Constitutional Design: Promoting Multi-Ethnic Democracy

By Reynolds, Andrew | Harvard International Review, Winter 2007 | Go to article overview
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Constitutional Design: Promoting Multi-Ethnic Democracy


Reynolds, Andrew, Harvard International Review


The crafting of democracy in a fragile and divided state, often ripped apart by internal conflict or buffeted by international and regional storms, is one of the most difficult and important tasks that international politicians face. The ever-deteriorating conflicts in Iraq and Afghanistan have been driven in large part by mistakes of institutional design in the immediate post-conflict period. Implementing a well-crafted constitution tailored to the peculiarities of a divided nation state is not the solution to ethnic conflict. However, there has never been an enduring peace settlement in which a well-designed, multi-ethnic government was not central. Designing a suitable democracy is a necessary, if not sufficient, prerequisite for stability in a divided society.

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A democracy is an interconnected web of political institutions chosen by and beholden to the voters who fall under its laws and regulations. But that web must be tethered to the distinct cultural, historical, and social threads that bind a state together. A post-conflict constitution needs to reflect traditional ways of making decisions, dominant power centers in villages and cities, and the scope of ethnic divisions--in both their intensity and root causes.

A constitution stipulates the ground rules of the democratic game. Thus I shall use the terms "constitutional design" and "democratic design" interchangeably, although a constitution necessarily speaks to issues beyond the scope and derivation of institutions of governance. A good constitution is a pillar of interethnic harmony, but it is only one pillar. Even when constitutional designers are successful, the new state can be thrown back into violence and chaos by regional conflict or meddling neighbors.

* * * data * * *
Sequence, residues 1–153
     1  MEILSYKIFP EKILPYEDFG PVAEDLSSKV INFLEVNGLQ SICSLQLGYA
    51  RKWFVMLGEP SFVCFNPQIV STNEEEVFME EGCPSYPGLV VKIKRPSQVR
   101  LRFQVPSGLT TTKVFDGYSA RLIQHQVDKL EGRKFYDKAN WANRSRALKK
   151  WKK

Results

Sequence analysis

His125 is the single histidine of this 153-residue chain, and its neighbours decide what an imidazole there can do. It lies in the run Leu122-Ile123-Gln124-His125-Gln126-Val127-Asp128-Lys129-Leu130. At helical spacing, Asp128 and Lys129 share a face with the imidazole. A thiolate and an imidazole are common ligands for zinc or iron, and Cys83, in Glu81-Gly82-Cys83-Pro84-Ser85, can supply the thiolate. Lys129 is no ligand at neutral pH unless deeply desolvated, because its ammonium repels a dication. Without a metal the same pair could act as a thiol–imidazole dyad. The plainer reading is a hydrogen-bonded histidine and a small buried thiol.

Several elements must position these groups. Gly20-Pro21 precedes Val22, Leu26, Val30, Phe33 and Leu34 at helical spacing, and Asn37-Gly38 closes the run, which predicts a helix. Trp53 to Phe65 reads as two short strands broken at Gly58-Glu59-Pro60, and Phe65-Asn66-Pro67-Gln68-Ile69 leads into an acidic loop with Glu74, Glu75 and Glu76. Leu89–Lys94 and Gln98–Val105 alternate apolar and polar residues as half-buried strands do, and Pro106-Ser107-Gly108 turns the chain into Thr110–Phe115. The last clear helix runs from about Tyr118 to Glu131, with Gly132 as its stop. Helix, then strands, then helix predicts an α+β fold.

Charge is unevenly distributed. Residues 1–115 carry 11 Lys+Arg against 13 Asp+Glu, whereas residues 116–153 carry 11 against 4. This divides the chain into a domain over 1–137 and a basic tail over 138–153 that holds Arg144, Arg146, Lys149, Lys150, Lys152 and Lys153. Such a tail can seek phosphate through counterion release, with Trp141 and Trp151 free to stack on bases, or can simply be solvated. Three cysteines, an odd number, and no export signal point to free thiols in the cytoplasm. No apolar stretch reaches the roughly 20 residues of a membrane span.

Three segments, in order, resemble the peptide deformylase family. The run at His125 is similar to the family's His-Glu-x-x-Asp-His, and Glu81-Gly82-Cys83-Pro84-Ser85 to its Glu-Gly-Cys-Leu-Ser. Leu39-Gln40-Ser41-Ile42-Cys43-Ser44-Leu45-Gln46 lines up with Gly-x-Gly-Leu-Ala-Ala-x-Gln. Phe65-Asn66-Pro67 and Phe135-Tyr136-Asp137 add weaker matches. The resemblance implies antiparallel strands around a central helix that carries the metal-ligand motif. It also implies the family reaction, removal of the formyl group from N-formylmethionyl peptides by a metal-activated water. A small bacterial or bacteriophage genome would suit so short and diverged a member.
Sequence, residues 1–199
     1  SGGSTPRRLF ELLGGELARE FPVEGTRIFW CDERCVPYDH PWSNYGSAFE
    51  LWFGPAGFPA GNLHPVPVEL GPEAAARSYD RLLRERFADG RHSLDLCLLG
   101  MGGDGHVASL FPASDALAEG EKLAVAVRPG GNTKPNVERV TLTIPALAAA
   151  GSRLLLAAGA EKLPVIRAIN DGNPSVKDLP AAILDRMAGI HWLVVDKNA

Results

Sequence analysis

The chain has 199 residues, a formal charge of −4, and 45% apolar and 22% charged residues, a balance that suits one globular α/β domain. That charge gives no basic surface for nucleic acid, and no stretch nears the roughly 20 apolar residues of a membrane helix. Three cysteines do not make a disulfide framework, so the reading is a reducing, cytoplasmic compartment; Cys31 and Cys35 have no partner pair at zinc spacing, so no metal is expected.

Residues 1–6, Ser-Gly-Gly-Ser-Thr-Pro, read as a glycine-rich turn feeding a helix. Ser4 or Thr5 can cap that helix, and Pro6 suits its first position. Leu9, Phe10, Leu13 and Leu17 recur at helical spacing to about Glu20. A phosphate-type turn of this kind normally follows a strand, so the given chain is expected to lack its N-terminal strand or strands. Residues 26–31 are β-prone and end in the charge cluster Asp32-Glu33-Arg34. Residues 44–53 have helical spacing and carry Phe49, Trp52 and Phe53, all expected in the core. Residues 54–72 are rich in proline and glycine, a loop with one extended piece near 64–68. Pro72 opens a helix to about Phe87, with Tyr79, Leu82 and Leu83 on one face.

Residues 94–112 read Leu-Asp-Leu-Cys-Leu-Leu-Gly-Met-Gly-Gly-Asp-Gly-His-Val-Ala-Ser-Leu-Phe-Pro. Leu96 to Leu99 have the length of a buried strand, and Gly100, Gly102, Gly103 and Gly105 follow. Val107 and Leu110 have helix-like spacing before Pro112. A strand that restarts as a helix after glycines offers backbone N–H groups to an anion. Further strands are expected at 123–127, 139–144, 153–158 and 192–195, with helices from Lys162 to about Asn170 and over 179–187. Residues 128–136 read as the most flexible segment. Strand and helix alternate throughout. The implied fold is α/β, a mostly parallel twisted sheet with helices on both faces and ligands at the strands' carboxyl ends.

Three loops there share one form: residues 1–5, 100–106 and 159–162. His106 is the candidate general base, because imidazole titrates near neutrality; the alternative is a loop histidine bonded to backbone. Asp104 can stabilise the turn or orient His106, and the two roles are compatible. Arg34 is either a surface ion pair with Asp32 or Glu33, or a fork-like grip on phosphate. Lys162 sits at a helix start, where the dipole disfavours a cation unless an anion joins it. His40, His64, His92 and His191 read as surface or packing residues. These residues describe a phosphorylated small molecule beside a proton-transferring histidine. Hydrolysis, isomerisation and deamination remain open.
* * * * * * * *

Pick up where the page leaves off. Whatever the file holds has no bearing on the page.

But when it comes to building stability and managing ethnic conflict, well-crafted political structures are the best way of dealing with communal conflicts existing within nation states. A credible and well-developed constitution assuages minority fears and feelings of alienation. In a divided society there are two elements of building ethnic stability. First, each significant ethnic group must feel included and acknowledged in the running of the state. Second, weaker groups and individuals must be protected. It is quite possible for a state to include a minority group in government while not protecting the rights of that group. Alternatively, a state can protect but not acknowledge the minority voice when making decisions of governance. A state can have one without the other, but true ethnic accommodation requires both. Protection is ultimately legal, yet inclusion is a crucial characteristic of good--and workable--politics. Thus I will focus here on the constitutional elements which can manifest inclusion.

Democratic Design in Afghanistan and Iraq

With such burgeoning instability in both Afghanistan and Iraq, one might pose the question: How central is domestic constitutional design to the future of Afghanistan and Iraq? It certainly could be argued that defeating the insurgencies, eliminating corruption, and rebuilding each country's socioeconomic infrastructure are more pressing problems than imperfect elections and legislative maneuvers. But in fact, the emergence of workable democratic political structures has been central to both states' survival since the US-led occupations, and without attention to institutional design, democratic slippage may doom both countries to increasing fragmentation and violence. A vacuum of legitimate political power, if allowed, will set the stage for insurgency and instability.

The situation in Afghanistan remains a highly complex mosaic of age-old ethnic enmities, power plays, and struggles over religion, nationhood, and wealth. These tensions permeate the state's political discourse and particularly come to a head in debates over how democracy in Afghanistan should be crafted, who will receive power, how leaders will be chosen, and how their power, once bequeathed, will be restrained.

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